Israel has some of the worst drivers I’ve seen anywhere and Nazareth has the worst drivers I saw in Israel. I wanted to shoot more photos of the traffic and the drivers in Nazareth but I was too busy trying to save my life and the life of my passenger and parking was very limited.
Traffic was worse than in any major American city and worse than Tokyo; cars thought nothing of being inches away from the sides, front, or back of my rental car; cars pulled into traffic if they could clear a bumper and dared you to hit them; and pedestrians thought nothing of stepping in front of moving traffic. Almost every car I passed was banged up on all surfaces. No surprise.
The newer city of Nazareth was on the top of a mesa and was filled with large brick and mortar stores and shoppers that could have been in any large city except that almost all signs were in Arabic. I passed a group of demonstrators who were on a flatbed truck with bullhorns shouting out their grievance or their cause in Arabic – I had no idea what they were for or against but they were loud and assembled a large sympathetic crowd.
The old city of Nazareth, by contrast, was in a natural bowl that sat much lower than the mesa; you had to drive downhill to get there. There was one major shrine in the area, the Basilica of the Annunciation, a beautiful Catholic shrine built around the grotto (cave) where the Angel Gabriel told the Virgin Mary she would give birth to the son of God, Jesus.
Old Nazareth was in stark contrast to the new Nazareth at the top of the mesa. Traffic wasn’t as death-defying; stores were smaller and were run by one person or just a few people, and there was an obvious catering to tourists. There were no demonstrations. Food was sold in street-side stores with no front wall. In this city, 25 miles south of Lebanon, that was 70% Arab, every person I met was as friendly and outgoing as citizens of small-town southern America are known to be. There were tourists from all over the world speaking many languages but I didn’t see one person I could identify as American. I guess more Americans than me were warned not to go to Nazareth. It was their loss.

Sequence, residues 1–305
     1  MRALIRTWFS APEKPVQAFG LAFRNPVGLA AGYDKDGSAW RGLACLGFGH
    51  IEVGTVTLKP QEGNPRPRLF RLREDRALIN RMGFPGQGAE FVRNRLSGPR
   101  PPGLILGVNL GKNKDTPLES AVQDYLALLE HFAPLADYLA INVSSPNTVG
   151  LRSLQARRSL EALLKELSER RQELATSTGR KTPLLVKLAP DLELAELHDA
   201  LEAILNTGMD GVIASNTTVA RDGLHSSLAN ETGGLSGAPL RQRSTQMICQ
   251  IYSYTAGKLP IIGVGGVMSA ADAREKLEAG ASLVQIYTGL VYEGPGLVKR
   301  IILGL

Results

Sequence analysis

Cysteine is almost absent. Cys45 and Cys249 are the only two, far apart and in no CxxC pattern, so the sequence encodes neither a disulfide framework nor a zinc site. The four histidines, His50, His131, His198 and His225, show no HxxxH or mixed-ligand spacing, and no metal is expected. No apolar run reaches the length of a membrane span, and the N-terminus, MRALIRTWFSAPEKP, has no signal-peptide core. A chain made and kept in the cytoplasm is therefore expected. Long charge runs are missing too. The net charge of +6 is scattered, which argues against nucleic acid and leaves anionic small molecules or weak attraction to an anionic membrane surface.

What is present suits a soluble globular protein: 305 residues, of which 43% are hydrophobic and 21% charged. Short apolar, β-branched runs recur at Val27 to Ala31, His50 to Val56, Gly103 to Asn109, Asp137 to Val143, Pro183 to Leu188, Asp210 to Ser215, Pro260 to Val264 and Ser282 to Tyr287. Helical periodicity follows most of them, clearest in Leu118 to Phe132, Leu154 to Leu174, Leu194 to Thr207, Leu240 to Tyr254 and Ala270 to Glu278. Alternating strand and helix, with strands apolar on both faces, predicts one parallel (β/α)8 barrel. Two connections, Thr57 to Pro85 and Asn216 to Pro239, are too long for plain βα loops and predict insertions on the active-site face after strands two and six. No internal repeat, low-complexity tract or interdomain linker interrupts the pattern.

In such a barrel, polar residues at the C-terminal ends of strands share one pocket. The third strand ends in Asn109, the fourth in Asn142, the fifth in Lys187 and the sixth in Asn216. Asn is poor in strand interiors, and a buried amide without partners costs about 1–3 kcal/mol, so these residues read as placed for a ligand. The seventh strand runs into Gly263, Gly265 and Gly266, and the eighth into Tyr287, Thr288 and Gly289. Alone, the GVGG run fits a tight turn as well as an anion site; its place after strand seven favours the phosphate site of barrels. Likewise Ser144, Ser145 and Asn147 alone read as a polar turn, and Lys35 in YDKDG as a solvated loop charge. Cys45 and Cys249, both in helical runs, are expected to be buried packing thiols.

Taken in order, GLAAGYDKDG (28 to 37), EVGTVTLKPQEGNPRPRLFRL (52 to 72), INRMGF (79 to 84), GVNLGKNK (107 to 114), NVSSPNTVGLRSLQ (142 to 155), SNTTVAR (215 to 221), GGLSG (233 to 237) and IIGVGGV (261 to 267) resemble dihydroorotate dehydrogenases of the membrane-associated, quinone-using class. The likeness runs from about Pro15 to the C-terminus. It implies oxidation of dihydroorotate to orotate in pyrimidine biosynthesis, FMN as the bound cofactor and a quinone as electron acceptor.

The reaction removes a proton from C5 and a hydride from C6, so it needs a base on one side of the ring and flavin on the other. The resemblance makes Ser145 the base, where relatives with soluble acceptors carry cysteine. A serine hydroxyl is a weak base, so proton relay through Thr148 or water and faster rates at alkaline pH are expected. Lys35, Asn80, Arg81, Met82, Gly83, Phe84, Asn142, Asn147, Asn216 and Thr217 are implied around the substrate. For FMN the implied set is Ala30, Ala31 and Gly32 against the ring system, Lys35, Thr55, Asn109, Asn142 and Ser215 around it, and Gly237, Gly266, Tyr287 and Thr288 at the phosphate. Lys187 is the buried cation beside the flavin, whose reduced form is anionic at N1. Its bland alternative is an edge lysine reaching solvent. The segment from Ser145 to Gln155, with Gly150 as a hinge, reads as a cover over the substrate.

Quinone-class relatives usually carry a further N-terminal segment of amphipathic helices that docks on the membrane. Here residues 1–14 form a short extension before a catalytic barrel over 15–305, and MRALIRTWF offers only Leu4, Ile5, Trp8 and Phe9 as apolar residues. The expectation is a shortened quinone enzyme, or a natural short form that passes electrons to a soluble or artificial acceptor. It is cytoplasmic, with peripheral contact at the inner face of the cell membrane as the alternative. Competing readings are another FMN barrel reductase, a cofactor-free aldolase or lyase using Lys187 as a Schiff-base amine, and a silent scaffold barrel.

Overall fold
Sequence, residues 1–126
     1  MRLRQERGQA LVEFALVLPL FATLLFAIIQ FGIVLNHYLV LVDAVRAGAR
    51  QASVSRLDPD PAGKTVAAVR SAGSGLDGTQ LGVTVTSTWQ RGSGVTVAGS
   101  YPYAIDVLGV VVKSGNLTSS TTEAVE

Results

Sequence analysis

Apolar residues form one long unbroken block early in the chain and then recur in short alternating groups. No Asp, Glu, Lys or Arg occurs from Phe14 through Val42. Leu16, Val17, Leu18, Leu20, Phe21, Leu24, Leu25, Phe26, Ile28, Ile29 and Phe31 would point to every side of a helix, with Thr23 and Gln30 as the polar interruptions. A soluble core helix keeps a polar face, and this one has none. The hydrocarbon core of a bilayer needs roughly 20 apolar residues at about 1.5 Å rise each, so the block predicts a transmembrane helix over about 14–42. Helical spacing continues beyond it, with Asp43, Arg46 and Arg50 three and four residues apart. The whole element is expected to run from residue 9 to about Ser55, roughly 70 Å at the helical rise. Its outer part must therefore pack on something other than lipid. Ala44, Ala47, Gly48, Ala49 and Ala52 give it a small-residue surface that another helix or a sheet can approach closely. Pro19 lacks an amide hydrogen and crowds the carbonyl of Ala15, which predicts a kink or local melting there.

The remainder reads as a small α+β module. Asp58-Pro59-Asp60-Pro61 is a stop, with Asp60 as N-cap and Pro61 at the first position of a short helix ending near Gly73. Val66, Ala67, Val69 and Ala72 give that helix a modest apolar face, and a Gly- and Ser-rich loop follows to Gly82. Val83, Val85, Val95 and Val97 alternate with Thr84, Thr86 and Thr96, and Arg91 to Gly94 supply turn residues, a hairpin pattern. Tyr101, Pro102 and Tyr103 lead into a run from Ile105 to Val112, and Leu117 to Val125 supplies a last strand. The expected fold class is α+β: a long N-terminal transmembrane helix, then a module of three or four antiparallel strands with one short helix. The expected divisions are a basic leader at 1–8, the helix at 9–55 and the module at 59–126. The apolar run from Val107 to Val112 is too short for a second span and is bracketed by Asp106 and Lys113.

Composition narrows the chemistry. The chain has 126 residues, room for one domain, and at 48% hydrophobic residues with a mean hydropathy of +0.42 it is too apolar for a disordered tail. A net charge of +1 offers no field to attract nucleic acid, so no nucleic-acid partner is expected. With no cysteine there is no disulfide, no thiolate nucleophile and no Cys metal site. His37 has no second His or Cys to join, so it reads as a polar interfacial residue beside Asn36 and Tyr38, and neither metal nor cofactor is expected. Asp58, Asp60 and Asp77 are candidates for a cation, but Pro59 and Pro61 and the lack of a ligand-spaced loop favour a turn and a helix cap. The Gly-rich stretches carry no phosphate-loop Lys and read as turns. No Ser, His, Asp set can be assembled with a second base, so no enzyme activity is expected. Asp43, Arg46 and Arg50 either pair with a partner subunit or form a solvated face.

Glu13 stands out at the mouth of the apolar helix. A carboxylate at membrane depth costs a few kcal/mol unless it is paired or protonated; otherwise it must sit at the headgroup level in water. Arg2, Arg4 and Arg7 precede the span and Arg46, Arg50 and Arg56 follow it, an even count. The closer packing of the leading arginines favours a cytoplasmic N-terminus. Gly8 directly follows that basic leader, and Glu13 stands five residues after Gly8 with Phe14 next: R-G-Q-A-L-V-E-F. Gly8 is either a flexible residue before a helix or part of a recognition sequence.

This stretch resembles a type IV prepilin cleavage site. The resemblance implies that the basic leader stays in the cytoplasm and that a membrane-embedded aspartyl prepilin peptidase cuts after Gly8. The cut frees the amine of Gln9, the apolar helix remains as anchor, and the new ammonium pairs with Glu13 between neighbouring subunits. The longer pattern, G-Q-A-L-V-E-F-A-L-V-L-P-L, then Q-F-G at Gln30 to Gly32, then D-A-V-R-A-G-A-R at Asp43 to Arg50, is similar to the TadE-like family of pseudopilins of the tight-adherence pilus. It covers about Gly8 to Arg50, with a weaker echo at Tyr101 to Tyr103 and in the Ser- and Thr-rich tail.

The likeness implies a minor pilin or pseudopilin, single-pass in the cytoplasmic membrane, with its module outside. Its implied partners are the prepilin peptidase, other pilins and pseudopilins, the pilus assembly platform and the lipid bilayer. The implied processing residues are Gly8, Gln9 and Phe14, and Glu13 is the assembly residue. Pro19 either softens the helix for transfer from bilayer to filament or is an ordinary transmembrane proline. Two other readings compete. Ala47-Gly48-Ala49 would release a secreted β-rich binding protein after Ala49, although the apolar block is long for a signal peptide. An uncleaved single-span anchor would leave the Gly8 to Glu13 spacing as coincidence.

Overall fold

This blog has a link to photos of Nazareth pigeons. In the childhood home of Jesus, the scenes in these photos contrasted with the bustling new city of Nazareth on the mesa and with the nearby Christian Catholic shrine.
A shop owner came out of his store for what I assume was a daily feeding of pigeons and the pigeons were waiting. He threw feed on the brick covered side-street and a large flock of pigeons was happily fed. Most store signage was in Arabic except for one sign that said Coca-Cola Zero and an English sign advertising shawarma (grilled lamb, turkey, chicken, beef, or other meat) and falafel (chickpeas aka garbanzo beans). Arabic and English graffiti were on the electrical and phone boxes on the side of the store. Electrical wiring was very third-world, dangerous looking, and typical of Israel. The steps to the store and the sidewalk in front of the store were Jerusalem stone.
Pedestrians walked on by the pigeon feeding frenzy. One grandmother with bright red hair and her grandson paused to watch the scene and the grandson walked into the middle of the pigeons scattering pigeons everywhere at the end of their meal. This was a scene I didn’t expect to see in the childhood home of Jesus but it seemed a more likable and appropriate scene than the chaotic traffic in the new Nazareth on the mesa.